Lytle says that given her role with the advocacy organization, she shouldn't comment on the Democrats, or why they haven't found a candidate to represent the district where she lives. As she puts it, "We don't have permanent friends, we have permanent issues."
What Lytle does say is that the Democrats and Republicans both have "fallen short."
"Both parties should have a moral imperative, as well as a political imperative, of reaching out to as many people as possible, to cultivating leadership and to cultivating candidates before it reaches their own personal crisis moment," Lytle says. "The onus is on the party to do the work on the ground early enough to meet its needs."
Who wants the job?
There's no playbook to follow for recruiting candidates.
Apuan was an activist and nonprofit organizer who had worked on the presidential campaigns of John Kerry and Bill Clinton. But it wasn't until caucus training for the 2008 elections that he considered his own candidacy.
"I found out that evening that we didn't have a candidate," he says, "and people were really urging me, encouraging me to consider the possibility of running."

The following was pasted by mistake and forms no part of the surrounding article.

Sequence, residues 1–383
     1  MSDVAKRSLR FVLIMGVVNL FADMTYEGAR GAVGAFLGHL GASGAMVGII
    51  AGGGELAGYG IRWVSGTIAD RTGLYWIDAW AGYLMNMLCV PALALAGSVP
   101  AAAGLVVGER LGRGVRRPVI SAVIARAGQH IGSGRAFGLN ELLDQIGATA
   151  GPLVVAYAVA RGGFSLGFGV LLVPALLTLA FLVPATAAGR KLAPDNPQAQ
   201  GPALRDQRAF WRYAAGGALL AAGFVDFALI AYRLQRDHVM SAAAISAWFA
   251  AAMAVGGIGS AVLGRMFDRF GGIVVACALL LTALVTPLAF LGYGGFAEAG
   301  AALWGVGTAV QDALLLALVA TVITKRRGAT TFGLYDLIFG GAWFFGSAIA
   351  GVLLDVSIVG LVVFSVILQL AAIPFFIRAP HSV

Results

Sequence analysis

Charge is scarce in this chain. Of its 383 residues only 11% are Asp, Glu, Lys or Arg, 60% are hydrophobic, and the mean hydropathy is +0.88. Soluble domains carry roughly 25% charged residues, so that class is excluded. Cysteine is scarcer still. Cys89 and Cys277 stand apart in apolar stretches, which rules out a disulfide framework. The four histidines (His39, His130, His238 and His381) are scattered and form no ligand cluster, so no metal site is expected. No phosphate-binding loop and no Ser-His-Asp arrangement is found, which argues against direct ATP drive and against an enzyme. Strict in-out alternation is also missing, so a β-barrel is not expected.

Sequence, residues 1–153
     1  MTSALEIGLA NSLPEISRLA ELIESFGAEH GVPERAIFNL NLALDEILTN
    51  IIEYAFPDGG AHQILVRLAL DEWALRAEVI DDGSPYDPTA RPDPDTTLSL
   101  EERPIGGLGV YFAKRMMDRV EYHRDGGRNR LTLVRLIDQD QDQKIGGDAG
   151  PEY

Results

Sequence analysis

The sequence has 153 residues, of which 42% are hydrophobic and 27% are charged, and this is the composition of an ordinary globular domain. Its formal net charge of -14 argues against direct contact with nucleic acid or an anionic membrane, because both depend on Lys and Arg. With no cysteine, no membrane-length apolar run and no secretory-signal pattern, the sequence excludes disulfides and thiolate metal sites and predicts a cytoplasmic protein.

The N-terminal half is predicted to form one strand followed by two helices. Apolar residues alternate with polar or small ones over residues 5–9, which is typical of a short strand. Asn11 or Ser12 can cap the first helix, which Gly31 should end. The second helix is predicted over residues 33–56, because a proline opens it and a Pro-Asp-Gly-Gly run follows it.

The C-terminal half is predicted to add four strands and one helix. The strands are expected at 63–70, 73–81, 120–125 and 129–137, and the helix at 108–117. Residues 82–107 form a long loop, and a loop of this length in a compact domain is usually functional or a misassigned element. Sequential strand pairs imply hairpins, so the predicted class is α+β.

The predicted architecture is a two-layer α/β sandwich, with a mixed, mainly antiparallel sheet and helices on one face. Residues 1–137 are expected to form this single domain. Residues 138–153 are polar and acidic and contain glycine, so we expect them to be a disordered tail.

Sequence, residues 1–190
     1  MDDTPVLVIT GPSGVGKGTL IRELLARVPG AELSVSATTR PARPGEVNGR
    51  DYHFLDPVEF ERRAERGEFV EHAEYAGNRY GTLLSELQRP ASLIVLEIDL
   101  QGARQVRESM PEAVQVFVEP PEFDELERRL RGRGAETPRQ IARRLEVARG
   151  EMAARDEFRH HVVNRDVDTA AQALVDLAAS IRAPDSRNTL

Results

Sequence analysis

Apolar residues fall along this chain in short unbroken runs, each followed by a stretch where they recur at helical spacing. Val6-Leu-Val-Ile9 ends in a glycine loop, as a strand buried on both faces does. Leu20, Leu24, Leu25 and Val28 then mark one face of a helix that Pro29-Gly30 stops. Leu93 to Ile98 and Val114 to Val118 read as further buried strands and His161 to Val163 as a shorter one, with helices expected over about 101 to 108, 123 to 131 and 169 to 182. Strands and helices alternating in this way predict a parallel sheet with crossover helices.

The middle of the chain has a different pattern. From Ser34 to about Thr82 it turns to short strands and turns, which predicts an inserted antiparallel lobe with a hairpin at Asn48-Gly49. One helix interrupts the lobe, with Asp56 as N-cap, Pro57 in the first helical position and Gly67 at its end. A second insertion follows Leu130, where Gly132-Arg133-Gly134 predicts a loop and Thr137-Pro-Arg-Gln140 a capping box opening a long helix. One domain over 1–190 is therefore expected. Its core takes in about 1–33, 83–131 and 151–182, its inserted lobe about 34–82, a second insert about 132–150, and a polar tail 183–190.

On the Republican side, Barker had been active in the party as a precinct leader when he was recruited by House District 15 Rep. Mark Waller. They had gone to law school together, Waller says, and he figured that Barker would be a strong candidate. (For more on Barker, see "The incumbent," p. 17.)
Lee was working on Ken Barela's HD 19 campaign in 2008 when he was approached to run in Senate District 12. He did, and lost to Keith King, but was undaunted. In 2010, he ran in HD 18 and won.
Others come seemingly out of nowhere. As Le Lait puts it, "Someone who has been in poli-sci their entire life, they're fascinated by politics, and they want to run and all of the sudden they are just there."
Before 2008, Hal Bidlack wasn't on the Democrats' radar. But by March, the Air Force Academy professor was organizing a campaign against incumbent Republican Doug Lamborn in the 5th Congressional District. And in November, he scored almost 40 percent of the vote. Bidlack went on to work with the local Democrats, eventually acting as county party chair. (In fact, though Kathleen Ricker now holds the seat, he's still listed as such at peakdems.org.)
Regardless of how they come to run, says Nemanich, the most important quality for a candidate, especially for Democrats here, is determination. A candidate can't hope to win just by relying on the party. He points to former Rep. Mike Merrifield, who represented District 18 for eight years until he was term-limited, then replaced by Lee.
"Mike was a gift," Nemanich says. "He carved out a constituency. It was not the help of the party, it was Mike Merrifield creating his own organization."
But as attractive as it might sound to be a legislator, the job's not for everyone.